Reimagine is one of those words we’re seeing: “reimagining Christianity,” “reimagining Jesus” . . . But if something was a fact in the first place—as opposed to something merely imagined—it can’t be “re” imagined (like, you can’t “re” visit Paris if you’ve never been). I’m on high alert when I see the word “reimagine” in a Christian context. Sadly, it typically indicates that that the speaker believes that the Bible isn’t true but is of myth (imagined) status. And now he’s putting a new spin on Scripture, the deity of Jesus, the atonement—and marketing that as a desirable “reimagining” of Christianity.
One Easter weekend I learned of a Baptist church offering a “reimagined Good Friday service.” The next line promised we would hear “the ancient story of . . . divine cruelty.” The home page of the church’s website declared, “For God so loved the world, that God gave us each other.” Yes, God did give us each other, but my sense was that this use of John 3:16 was intended to help us “reimagine” the atonement. A related blog post said that for some people, “Good Friday is the first day in some cosmic magic act—a death necessary so there can be a resurrection on Easter three days later. But for me…”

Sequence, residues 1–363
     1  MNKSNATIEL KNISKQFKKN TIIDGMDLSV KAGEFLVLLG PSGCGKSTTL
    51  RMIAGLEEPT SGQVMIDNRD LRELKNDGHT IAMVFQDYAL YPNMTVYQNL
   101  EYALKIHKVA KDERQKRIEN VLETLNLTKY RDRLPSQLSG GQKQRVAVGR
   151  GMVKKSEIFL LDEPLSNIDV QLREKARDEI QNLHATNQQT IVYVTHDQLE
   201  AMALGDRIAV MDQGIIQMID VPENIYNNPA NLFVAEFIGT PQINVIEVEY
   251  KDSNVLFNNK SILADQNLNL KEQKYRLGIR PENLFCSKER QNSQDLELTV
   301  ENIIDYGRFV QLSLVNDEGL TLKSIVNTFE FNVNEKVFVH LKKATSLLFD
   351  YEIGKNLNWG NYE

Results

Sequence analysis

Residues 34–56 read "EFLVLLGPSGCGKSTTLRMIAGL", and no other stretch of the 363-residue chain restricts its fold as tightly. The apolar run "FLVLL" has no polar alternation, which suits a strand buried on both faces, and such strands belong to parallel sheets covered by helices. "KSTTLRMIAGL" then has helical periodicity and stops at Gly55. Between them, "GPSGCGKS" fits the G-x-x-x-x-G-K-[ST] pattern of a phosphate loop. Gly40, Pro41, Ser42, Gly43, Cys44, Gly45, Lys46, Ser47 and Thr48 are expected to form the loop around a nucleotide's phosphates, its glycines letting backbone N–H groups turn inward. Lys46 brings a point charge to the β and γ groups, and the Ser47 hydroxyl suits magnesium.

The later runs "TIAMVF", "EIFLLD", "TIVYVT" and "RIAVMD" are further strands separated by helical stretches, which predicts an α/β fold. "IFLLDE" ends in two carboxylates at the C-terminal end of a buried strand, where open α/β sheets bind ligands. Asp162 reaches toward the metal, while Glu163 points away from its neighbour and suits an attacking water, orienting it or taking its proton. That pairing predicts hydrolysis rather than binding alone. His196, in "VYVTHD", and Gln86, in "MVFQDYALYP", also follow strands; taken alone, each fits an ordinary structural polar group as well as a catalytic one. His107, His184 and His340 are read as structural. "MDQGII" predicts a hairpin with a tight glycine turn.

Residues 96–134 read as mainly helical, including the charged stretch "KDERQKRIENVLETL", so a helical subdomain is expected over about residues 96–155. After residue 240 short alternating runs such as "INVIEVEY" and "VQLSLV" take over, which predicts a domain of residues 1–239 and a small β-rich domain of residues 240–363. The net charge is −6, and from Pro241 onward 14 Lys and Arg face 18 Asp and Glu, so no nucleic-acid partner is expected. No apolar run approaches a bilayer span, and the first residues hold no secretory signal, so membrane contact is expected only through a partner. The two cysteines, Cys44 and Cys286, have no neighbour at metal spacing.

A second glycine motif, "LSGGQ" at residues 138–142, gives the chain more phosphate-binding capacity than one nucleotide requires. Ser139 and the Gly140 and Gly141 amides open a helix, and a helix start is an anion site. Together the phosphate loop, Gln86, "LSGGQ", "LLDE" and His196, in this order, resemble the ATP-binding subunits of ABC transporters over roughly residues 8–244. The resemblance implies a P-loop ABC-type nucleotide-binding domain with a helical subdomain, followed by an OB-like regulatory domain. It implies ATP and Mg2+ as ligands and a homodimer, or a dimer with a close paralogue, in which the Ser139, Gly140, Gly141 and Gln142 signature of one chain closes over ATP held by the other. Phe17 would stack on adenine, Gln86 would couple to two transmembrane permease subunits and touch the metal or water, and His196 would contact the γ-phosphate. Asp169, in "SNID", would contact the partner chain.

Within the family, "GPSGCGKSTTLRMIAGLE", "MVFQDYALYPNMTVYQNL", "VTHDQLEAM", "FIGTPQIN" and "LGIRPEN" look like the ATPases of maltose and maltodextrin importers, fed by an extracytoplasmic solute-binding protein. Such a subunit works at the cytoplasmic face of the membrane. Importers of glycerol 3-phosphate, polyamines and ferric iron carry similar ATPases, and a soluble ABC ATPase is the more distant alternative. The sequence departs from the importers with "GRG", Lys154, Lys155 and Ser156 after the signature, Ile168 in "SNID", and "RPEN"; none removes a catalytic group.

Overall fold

Never mind that the New Testament apostles’ message was the death and resurrection of Jesus?
Other events/teachings on this site further evidenced the church’s theological leanings:
- An event featured a Sufi Muslim (that’s Islamic mysticism) minister who leads an interfaith (mixing all religions) congregation.
- The Lord’s teaching on sexual behavior has been completely dismissed.
- There’s a labyrinth walk.
- The term “great scholar” was applied to a man who elsewhere said, “I have no idea whether [the resurrection] involves an empty tomb, and for me, that doesn’t matter.”
- There are favorable quotes by/mentions of other famous people who deny the truth of Scripture, the deity of Jesus, and more.
- A lecture on the legend of Guadalupe was given.
- There’s nothing wrong with hosting a CPR class, but when I spotted a photo of the practice dummy, I wondered, “Can this church’s theology be resuscitated?” (Had to laugh to keep from crying.)
How could a Baptist church drift so far?—we might ask. Answer: In the same way each of our churches is being seduced into drift: one step at a time. Even very conservative churches are following teachers who deny foundational truths. Our standards of measurement are warping—and we don’t even notice. Please don’t post a comment about “those people.” Instead, examine the source of your own personal spiritual guidance, as well as that of your local church. Let’s “re” turn to, “re” commit to, and “re” ly < smile> on Scripture as the standard. Or of course, we can just walk away from the facts. But the thing we can’t do is “re” imagine them.